Date of Degree
PhD (Doctor of Philosophy)
Mark S. Blumberg
How does the brain develop differently to support nocturnality in some mammals, but diurnality in others? To answer this question, one might look to the suprachiasmatic nucleus (SCN), the pacemaker of the mammalian brain, which is required for all circadian biological and behavioral rhythms. Light arriving at the retina entrains the SCN to the daily light-dark cycle via the retinohypothalamic tract (RHT). However, in all mammals studied thus far, whether nocturnal or diurnal, the SCN exhibits a rhythm of increased activity during the day and decreased activity at night. Therefore, structures downstream of the SCN are likely to determine whether a species is nocturnal or diurnal. From an evolutionary perspective, nocturnality appears to be the primitive condition in mammals, with diurnality having reemerged independently in some lineages. However, it is unclear what mechanisms underlie the development of one or the other circadian phase preference. In adult Norway rats (Rattus norvegicus), which are nocturnal, the RHT also projects to the ventral subparaventricular zone (vSPVZ), an adjacent region that expresses an in-phase pattern of SCN-vSPVZ neuronal activity (in other words, activity in the SCN and vSPVZ increase and decrease together). In contrast, in adult Nile grass rats (Arvicanthis niloticus), a diurnal species that is closely related to Norway rats, an anti-phase pattern of SCN-vSPVZ neuronal activity is expressed (in other words, activity in the SCN increases as activity in the vSPVZ decreases, and vice versa). We hypothesized that these species differences in activity pattern result in part from a weak or absent RHT-to-vSPVZ projection in grass rats. Using a developmental comparative approach, we assessed differences in behavior, hypothalamic activity, and RHT and SCN connectivity to the vSPVZ between these two species. We report that a robust retina-to-vSPVZ projection develops in Norway rats around the end of the second postnatal week when nocturnal wakefulness and the in-phase pattern of SCN-vSPVZ activity emerge. In grass rats, however, such a projection does not develop and the emergence of the anti-phase SCN-vSPVZ activity pattern during the second postnatal week is accompanied by increased diurnal wakefulness. When considered within the context of previously published reports on RHT projections in a variety of other nocturnal and diurnal species, our current findings suggest that how and when the retina connects to the hypothalamus differentially shapes brain and behavior to produce animals that occupy opposing temporal niches.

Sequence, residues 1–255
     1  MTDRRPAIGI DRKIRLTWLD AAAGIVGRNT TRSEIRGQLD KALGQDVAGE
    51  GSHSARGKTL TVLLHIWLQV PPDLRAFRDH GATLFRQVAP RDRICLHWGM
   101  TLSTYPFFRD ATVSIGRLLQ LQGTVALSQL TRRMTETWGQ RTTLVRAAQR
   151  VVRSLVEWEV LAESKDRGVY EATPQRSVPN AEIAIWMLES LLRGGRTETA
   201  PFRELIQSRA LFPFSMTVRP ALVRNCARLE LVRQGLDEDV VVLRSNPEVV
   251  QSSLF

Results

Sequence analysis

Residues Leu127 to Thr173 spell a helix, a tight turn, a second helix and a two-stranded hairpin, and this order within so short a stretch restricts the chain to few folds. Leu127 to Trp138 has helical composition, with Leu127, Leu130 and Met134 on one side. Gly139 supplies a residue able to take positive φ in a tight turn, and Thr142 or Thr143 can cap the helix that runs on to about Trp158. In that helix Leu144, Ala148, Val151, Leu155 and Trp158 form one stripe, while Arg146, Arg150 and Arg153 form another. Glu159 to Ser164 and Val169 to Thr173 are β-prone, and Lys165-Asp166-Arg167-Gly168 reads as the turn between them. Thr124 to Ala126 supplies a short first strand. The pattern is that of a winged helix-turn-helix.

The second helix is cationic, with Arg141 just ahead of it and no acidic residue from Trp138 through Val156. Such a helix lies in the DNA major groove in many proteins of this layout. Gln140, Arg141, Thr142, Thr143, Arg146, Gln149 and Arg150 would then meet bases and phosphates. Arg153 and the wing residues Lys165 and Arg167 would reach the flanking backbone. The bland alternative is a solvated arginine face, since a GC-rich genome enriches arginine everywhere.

development, diurnal, nocturnal, retinohypothalamic tract, subparaventricular zone, suprachiasmatic nucleus
xi, 73 pages
Includes bibliographical references (pages 63-73).
Copyright 2012 William David Todd